If anyone had told her that belonging to the gilded youth of a provincial town augured nothing out of the ordinary for her, she would not have believed it. She wasn't planning anything, per se, she just knew that it would be tremendous. When she woke up in the morning, she could feel a powerful summons in her heart, and she let herself be borne along by her enthusiasm. The new day promised events, their nature as yet unknown. She cherished this impression of imminence.
When the girls in class spoke about their future Marie would laugh to herself: marriage, children, a house — how could she ever be content with that? How foolish to give words to one's hopes, and such petty words to boot? Marie did not name her anticipation; she savored the infinity of it.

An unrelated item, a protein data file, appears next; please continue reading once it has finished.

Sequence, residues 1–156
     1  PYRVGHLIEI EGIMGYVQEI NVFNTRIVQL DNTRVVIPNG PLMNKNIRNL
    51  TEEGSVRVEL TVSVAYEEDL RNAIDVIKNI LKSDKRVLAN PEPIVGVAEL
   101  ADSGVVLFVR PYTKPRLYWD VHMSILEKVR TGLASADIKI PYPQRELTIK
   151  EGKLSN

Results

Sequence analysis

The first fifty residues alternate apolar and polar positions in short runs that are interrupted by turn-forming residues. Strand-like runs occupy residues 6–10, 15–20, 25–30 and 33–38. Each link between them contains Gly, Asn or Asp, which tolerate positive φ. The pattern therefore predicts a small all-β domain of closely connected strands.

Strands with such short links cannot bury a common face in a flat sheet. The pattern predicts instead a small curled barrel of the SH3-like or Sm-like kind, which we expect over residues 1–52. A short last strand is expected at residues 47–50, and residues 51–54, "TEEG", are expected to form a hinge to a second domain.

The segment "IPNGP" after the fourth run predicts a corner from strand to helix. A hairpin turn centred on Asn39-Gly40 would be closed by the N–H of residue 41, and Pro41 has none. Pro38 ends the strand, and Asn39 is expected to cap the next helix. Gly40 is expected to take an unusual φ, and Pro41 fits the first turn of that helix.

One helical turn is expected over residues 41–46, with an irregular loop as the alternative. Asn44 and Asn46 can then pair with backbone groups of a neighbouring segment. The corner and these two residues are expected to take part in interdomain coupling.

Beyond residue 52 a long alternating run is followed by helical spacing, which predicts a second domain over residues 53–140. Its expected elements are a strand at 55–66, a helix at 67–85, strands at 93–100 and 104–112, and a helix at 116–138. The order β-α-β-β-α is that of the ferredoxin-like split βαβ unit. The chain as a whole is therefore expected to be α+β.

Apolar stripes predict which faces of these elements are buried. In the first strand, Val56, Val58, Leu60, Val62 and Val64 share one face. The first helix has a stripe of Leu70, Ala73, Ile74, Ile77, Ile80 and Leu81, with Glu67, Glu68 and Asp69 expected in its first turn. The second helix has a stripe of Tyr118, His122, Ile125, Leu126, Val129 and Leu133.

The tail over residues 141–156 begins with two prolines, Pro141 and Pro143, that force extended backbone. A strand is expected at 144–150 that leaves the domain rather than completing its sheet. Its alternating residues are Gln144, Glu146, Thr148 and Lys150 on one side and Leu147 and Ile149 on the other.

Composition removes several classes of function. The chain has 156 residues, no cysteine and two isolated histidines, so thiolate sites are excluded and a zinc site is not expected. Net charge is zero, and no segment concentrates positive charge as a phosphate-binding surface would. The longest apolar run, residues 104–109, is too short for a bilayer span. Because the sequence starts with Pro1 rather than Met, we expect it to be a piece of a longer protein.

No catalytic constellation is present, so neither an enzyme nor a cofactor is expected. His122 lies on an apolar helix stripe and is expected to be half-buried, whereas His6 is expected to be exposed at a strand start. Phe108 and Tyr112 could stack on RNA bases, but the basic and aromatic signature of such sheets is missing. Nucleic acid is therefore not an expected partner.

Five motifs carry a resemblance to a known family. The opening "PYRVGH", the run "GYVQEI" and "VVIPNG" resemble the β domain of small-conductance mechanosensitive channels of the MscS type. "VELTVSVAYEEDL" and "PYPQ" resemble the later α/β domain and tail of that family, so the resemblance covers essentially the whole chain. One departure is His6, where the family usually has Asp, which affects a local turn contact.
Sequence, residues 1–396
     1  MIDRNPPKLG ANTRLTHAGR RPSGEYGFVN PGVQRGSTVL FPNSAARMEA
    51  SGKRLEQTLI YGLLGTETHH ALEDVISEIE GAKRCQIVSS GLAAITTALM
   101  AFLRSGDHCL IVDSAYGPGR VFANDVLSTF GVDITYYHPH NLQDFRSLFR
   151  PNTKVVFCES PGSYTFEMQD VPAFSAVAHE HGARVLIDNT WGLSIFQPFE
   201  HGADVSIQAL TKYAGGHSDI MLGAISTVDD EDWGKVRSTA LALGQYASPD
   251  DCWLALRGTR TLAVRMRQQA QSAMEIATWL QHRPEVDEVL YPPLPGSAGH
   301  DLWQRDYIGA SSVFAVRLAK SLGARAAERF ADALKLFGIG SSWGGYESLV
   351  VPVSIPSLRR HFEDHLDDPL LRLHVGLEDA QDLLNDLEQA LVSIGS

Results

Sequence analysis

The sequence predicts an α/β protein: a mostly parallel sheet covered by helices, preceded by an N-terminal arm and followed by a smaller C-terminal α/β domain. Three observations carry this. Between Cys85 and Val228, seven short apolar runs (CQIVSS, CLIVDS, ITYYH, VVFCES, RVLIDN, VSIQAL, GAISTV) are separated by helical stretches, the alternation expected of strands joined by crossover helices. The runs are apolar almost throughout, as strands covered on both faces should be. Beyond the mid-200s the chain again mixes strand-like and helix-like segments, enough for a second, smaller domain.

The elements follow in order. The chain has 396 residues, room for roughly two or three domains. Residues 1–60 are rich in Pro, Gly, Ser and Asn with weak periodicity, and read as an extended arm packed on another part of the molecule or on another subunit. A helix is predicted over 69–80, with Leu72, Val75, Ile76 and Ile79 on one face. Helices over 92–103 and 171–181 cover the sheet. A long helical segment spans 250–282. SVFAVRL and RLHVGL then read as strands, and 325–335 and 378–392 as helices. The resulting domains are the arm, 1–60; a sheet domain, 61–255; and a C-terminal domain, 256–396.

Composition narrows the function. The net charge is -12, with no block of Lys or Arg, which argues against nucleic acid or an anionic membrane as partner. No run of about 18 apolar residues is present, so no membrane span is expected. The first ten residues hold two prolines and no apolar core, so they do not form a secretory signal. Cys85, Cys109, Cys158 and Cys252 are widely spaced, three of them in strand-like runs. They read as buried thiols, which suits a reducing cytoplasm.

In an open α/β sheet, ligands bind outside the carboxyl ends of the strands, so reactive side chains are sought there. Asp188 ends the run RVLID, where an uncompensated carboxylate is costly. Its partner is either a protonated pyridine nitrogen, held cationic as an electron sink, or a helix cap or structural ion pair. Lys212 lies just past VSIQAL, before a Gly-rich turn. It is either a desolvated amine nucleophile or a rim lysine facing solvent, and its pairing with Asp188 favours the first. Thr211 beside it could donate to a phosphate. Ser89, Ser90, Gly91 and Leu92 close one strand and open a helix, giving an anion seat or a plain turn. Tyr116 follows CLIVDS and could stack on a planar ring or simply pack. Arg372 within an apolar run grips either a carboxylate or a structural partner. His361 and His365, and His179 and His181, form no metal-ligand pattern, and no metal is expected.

At parties she liked it when the boys paid attention to no one but her. She, meanwhile, was careful not to show a preference for any one of them — let them all turn pale with fear they might not be chosen. Such a delight to have them all buzzing around her, coveting her, yet never gathering the nectar!
There was an even more powerful joy: arousing jealousy in others. When Marie saw the girls looking at her with such painful envy, her mouth went dry with pleasure. Greater still than this sensual delight was what those bitter gazes indicated: the story being told now was her story, her narrative, while the other girls were long-suffering extras, nothing more, invited to the feast to dine on the crumbs, destined for a tragic death from a stray bullet — in other words, from a burning sensation that was not meant for them.